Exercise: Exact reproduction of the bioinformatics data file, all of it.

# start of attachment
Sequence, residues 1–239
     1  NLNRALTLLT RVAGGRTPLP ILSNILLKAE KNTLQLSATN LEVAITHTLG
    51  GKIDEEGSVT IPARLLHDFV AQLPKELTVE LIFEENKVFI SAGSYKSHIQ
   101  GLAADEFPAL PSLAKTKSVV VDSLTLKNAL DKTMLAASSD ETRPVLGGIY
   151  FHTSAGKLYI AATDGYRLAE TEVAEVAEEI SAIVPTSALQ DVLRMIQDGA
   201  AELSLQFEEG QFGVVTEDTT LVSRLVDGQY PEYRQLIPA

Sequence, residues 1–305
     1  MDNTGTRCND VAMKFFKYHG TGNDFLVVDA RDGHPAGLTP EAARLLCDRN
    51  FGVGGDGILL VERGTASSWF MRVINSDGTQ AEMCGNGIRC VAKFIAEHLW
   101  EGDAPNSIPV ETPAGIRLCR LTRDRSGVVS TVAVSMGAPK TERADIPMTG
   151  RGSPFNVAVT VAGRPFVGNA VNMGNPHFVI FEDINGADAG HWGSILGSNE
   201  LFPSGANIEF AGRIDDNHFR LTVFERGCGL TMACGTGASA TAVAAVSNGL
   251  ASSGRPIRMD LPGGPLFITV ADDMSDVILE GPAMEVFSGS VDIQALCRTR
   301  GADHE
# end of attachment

Sequence, residues 1–239
     1  NLNRALTLLT RVAGGRTPLP ILSNILLKAE KNTLQLSATN LEVAITHTLG
    51  GKIDEEGSVT IPARLLHDFV AQLPKELTVE LIFEENKVFI SAGSYKSHIQ
   101  GLAADEFPAL PSLAKTKSVV VDSLTLKNAL DKTMLAASSD ETRPVLGGIY
   151  FHTSAGKLYI AATDGYRLAE TEVAEVAEEI SAIVPTSALQ DVLRMIQDGA
   201  AELSLQFEEG QFGVVTEDTT LVSRLVDGQY PEYRQLIPA

Sequence, residues 1–305
     1  MDNTGTRCND VAMKFFKYHG TGNDFLVVDA RDGHPAGLTP EAARLLCDRN
    51  FGVGGDGILL VERGTASSWF MRVINSDGTQ AEMCGNGIRC VAKFIAEHLW
   101  EGDAPNSIPV ETPAGIRLCR LTRDRSGVVS TVAVSMGAPK TERADIPMTG
   151  RGSPFNVAVT VAGRPFVGNA VNMGNPHFVI FEDINGADAG HWGSILGSNE
   201  LFPSGANIEF AGRIDDNHFR LTVFERGCGL TMACGTGASA TAVAAVSNGL
   251  ASSGRPIRMD LPGGPLFITV ADDMSDVILE GPAMEVFSGS VDIQALCRTR
   301  GADHE